Fact Check: Protesters Did NOT Block Hospital Entrance Before Arrival Of Ambulances Transporting Wounded Officers

Fact Check

  • by: Sarah Thompson
Fact Check: Protesters Did NOT Block Hospital Entrance Before Arrival Of Ambulances Transporting Wounded Officers Arrived Later

Did protesters block the entrance to Saint Francis Medical Center before the arrival of ambulances transporting the two Los Angeles County sheriff's deputies who had been shot in Compton on the evening of September 12, 2020? No, that's not true: Several protesters, including one who reportedly yelled "We hope they die," arrived at the hospital several hours after the ambulances arrived. These protesters were stopped by police and security before they got to the entrance.

One version of this claim appeared as a post published by the Facebook page "Officer Parker" on September 13, 2020, (archived here) with the following text for the caption:

We can no long afford to sit back. Abushed police? Protester blocking the entrance to the hospital. How did the protestors know what hospital to go to? How were they all just by chance there at the moment those officers were shot.
This is ridiculous and out of control. People need to start asking questions. Things just don't add up. Things don't make sense. Coincidences happen, but not this frequently and with precision.

This is what the post looked like on Facebook at the time of writing:

Facebook screenshot

(Source: Facebook screenshot taken on Tue Sep 15 13:53:21 2020 UTC)

The post included a screenshot of his own tweet from September 13 (here)(archived here) it said:

After what happened in LA with protesters blocking the hospital entrance for two shot cops shouting they hope the cops die, the silent majority can no longer be silent. We can no longer stand back while these people tarnish our reputation and destroy our nation. Enough is enough

There has been some confusion on social media regarding the timing of what happened outside the hospital after the shooting. This likely resulted from the phrasing of a tweet from the Los Angeles County Sheriff's department (archived here). It was not clear that they were speaking of keeping access to the hospital clear for everyone -- and not speaking about the specific ambulance that transported the wounded deputies. About four hours elapsed between the time the sheriff's office first published a tweet saying there had been a shooting, and when they tweeted about not blocking the hospital entrance:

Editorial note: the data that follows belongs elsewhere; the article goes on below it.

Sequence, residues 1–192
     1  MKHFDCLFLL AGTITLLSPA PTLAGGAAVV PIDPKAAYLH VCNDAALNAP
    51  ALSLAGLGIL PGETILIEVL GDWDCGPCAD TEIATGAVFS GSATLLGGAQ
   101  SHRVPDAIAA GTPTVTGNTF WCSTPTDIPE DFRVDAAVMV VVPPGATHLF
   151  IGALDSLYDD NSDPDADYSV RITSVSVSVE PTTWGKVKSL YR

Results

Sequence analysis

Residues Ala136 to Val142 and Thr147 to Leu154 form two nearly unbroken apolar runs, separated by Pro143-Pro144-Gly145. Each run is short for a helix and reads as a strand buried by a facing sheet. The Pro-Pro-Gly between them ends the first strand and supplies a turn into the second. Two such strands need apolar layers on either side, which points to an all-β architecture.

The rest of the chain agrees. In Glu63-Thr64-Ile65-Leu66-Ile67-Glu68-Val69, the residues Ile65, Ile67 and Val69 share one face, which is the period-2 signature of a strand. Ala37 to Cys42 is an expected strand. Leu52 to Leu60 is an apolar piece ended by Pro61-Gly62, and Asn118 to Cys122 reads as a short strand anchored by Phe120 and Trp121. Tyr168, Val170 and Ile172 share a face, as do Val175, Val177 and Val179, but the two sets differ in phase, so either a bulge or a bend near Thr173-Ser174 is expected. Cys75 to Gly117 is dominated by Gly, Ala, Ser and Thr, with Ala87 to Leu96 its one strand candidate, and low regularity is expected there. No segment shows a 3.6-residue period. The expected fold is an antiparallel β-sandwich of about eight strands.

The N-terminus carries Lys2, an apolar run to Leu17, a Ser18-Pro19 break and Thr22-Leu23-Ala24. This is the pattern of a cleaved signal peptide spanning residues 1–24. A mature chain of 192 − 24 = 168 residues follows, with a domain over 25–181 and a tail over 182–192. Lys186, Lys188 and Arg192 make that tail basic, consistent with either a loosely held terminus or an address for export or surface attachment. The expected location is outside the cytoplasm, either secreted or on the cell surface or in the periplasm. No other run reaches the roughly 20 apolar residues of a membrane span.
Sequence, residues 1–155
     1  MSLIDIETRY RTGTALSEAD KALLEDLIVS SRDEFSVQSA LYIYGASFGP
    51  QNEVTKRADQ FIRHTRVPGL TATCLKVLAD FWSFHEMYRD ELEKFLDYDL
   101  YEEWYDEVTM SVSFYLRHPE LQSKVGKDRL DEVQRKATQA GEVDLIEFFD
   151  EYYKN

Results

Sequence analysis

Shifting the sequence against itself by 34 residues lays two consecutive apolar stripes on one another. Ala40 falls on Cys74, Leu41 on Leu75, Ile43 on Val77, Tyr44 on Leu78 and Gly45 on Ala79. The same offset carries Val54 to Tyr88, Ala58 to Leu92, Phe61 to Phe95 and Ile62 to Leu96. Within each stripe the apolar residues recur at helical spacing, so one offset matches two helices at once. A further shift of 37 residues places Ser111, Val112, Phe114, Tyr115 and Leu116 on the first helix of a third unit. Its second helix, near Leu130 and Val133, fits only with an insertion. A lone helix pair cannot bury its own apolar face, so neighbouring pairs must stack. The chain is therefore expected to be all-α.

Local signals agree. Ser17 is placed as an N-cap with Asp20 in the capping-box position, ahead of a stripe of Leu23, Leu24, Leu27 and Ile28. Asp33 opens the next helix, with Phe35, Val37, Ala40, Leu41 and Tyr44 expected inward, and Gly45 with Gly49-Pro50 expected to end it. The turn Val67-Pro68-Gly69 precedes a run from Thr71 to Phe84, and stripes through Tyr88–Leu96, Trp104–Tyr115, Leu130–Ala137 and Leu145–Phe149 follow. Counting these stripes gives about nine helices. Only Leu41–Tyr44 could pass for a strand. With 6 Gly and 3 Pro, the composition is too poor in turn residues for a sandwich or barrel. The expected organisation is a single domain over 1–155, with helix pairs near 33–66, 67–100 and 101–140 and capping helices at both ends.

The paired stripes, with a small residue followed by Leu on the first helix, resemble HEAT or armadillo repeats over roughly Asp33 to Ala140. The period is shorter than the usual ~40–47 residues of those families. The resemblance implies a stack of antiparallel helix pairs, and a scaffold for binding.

Some posts mistakenly imply that the protesters must have known this crime was about to happen and planned to head off the ambulance transporting the wounded deputies to the hospital, or that they had actively tried to stop the ambulance.

Other tweets from "Officer Parker" continued to build on the mistaken belief that protesters outside the hospital arrived before the ambulance and had interfered with first responder's efforts to get the deputies to emergency care.

Leaders, influencers, football, basketball, clothing companies and politicians are all mighty quiet about this destruction going on. About the two cops that were literally ambushed and blocked from getting medical help. Your silence on this is very very loud and clear. We get it. (here)(archived here)

Intentionally depriving a person of life saving medical aid is murder. Your actions were to Intentionally deprive another from aid that would save their life. That is plain murder Or attempted. Every last one needs to be charged as such. Take back these cities! (here)(archived here)

This tweet gets right to the heart of why it is so important for this confusion to be clarified. If there were people who knew ahead of time that the sheriff's deputies were going to be ambushed, or if there was a coordinated plan to block first-responders after the shooting, it would point to a very serious crime.

The timing of what happened on the night of September 12, 2020, is that the deputies were ambushed by a lone gunman near the metro station just before 7 p.m. local time, and about five protesters showed up at St. Francis Medical Center shortly before 11 p.m. local time. Their behavior likely intended to call attention to themselves coinciding with the gathering of news crews for a press briefing from Sheriff Alex Villanueva at the hospital. One member of the press, NPR reporter for KPCC, Josie Huang, posted this photo of the press briefing not long before she herself was arrested (reported here)(archived here) when the sheriff's department moved to disperse the group of five protesters who have been described in some posts as a "mob."

Huang also tweeted video of the confrontation with deputies, indicating no ambulances were blocked from entering:

Several other accounts inaccurately described what happened. Podcaster Buck Sexton posted a screenshot of his own tweet on Facebook (here)(archived here) that said:

As if ambush of cops were not appallingly evil enough, a mob of "protestors" tried to prevent the cops who were shot multiple times from getting emergency medical care THIS IS BLM. You're seeing the consequences of the lib apparatus leveraging cop hatred for political power.

ComptonCollage.jpg

The five protesters involved identified themselves as representing the Africa Town Coalition, not Black Lives Matter.

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  Sarah Thompson

Sarah Thompson lives with her family and pets on a small farm in Southeastern Indiana. She founded a Facebook page and a blog called “Exploiting the Niche” in 2017 to help others learn about manipulative tactics and avoid scams on social media. Since then she has collaborated with journalists in the USA, Canada and Australia and since December 2019 she works as a Social Media Authenticity Analyst at Lead Stories.


 

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